While I am all in favour of ensuring students learn I would’ve thought information about their attitudes and strategies ( ‘key competencies’) would be more relevant along with information about the talents the students are developing – and this is best seen by what students can do, communicate, present, sing, perform and demonstrate

This spiritless obsession with endless data and analysis is not the approach of creative teachers (or scientists or artists) who work along amore enlightened trial and error approach, continually revising and extending their ideas.

Let’s assess what is important and be selective about it. Teachers have only so much time and energy and it would be a shame to waste it on endless analysis.

However you look at it, as the Minister says, the move towards personalized education is a fundamental shift in education. In a previous speech the Minister did relate it to the unrealized vision of Dr Beeby and Peter Fraser of the late 1930s. Those who taught in the late 60 and the 70s will also recognize the underlying philosophy.

The Minister is talking about creating a ‘high trust low compliance’ environment that will allow communities and schools to take a leadership role in developing learning chalenges to ensure all students gain success.

The Minister claims he has, ‘been challenging the education system – teachers, principals and others- to bring about changes’.

You have to ask who has been responsible for taking us in the wrong direction, creating the low trust high compliance environment? Certainly not the teachers, schools and BOTs who have been exhausted trying to keep up with all the compliance requirements of the past decades!

The Minister aslo needs to challenge the politicians and the bureaucrats – it has been their ‘mindsets’ that have impinged on the creativity of schools and in turn produced school and student failure.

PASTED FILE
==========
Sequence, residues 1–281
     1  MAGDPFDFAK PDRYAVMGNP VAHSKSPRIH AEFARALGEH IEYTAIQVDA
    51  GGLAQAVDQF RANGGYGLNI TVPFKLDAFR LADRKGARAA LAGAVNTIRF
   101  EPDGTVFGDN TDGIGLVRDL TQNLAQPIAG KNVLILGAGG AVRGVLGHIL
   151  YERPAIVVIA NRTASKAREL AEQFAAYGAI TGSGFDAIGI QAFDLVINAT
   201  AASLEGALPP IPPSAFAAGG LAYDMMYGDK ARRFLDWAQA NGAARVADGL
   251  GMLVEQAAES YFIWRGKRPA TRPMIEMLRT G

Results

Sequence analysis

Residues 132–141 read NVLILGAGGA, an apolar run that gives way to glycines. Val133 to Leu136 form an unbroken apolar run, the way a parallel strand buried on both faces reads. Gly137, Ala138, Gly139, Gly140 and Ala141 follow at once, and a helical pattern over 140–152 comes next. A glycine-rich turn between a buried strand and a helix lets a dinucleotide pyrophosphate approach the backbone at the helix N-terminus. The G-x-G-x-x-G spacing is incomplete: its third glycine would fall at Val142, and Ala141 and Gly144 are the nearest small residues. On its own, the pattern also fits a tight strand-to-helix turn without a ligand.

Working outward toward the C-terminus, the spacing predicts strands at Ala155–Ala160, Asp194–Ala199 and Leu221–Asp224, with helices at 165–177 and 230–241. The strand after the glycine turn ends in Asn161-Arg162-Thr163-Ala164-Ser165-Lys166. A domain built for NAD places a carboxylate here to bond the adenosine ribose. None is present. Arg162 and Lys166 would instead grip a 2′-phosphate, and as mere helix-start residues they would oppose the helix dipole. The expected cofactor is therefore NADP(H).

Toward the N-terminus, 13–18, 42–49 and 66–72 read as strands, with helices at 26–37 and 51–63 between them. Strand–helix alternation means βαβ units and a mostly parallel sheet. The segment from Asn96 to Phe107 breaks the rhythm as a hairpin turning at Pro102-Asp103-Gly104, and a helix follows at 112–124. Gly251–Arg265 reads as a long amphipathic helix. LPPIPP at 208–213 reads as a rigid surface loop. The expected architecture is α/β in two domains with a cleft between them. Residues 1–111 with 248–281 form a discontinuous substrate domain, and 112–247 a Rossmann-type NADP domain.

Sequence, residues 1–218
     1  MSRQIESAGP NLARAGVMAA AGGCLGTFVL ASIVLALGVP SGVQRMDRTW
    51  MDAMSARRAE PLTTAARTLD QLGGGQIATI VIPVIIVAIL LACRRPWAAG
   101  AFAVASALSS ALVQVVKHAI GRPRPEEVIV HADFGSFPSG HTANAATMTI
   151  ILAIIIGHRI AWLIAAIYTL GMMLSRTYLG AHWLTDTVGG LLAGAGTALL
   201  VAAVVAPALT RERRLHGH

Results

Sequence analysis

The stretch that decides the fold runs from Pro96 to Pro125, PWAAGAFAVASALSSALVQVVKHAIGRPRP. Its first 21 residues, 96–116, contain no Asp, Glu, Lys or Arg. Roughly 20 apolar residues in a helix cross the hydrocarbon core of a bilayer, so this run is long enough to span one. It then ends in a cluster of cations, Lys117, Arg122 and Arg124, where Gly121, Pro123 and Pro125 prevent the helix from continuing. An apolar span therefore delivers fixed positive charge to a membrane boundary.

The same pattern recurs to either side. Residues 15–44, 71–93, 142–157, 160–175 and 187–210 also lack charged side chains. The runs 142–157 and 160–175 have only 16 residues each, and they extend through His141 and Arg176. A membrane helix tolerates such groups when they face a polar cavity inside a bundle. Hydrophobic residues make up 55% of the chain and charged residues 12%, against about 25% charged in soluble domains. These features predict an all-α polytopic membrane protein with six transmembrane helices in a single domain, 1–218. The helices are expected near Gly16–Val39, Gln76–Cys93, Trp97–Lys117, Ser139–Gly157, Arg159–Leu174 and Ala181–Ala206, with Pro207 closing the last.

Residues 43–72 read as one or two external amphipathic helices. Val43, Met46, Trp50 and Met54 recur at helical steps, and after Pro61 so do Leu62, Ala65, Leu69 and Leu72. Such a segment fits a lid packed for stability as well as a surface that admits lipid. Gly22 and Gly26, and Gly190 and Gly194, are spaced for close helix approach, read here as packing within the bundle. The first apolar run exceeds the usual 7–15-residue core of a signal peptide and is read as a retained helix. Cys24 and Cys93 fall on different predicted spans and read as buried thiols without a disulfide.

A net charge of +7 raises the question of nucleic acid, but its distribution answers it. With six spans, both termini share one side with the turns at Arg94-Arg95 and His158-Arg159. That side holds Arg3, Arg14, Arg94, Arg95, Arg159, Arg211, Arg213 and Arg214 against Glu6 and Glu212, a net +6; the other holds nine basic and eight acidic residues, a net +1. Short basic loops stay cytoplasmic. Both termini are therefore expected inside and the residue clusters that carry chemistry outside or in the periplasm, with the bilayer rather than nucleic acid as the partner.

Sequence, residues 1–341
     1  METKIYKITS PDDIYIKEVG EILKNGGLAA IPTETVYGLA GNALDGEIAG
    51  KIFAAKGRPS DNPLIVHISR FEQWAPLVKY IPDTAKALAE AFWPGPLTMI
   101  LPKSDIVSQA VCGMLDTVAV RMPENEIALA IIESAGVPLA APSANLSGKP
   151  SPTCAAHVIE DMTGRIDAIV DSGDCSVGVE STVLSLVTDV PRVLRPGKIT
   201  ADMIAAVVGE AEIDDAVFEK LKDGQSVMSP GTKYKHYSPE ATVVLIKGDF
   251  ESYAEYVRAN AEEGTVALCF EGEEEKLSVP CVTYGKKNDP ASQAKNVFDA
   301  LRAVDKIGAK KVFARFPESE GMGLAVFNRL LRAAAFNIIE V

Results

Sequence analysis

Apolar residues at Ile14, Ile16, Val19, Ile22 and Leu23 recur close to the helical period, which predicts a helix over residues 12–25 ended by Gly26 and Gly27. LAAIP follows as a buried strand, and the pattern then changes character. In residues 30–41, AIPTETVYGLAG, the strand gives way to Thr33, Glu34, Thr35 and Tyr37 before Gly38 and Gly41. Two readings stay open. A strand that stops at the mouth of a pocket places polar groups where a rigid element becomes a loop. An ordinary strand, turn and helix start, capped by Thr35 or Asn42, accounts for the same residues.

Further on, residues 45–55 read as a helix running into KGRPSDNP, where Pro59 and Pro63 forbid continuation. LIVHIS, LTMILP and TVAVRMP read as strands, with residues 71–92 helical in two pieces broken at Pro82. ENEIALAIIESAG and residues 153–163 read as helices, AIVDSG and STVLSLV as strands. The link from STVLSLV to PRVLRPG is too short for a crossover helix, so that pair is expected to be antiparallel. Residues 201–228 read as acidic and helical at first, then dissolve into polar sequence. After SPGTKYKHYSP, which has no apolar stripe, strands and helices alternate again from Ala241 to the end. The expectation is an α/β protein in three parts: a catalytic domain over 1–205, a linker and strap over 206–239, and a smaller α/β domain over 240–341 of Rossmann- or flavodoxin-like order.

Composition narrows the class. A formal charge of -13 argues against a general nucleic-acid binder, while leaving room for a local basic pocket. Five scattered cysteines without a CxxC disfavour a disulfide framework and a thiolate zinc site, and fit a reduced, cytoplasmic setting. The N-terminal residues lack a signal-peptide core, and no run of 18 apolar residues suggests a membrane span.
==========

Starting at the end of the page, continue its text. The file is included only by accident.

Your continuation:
And he should nave listened to the 'voices' of the many ‘critics’, and the creative teachers that have been ignored the past years.

But at least we are back heading in the right direction – hopefully.

The Minister might only have three years!

I for one am prepared to do what I can to assist! It is great being able to support the Minister, and the Ministry, for a change!

3 comments:

Anonymous said...

Perhaps the Minister bi-passed his advisers and saw the system with fresh eyes? It wouldn't take much insight to see that 'our' current system is the real problem!

Anonymous said...

The Minister will have to get rid of the Henry Ford mentality before he can personalize learning.

All that measurement stuff is of no use if there is no 'wow' factor! And what you measure takes your eye off other equally important things - like does each learner have a positive learning identity? As they say it is not the targets you hit that count it's the ones you never saw!

Bruce said...

The 'Henry Ford' mentality in its day was a radical idea but innovative companies have long since left it behind. They had to to be profitable. Unfortuately secondary schools are still modelled on such an outdated 'one size fits all - you can any colour as long as it is black' thinking. There are a few secondary schools doing their best to develop new models - our Minister is encouraging such schools.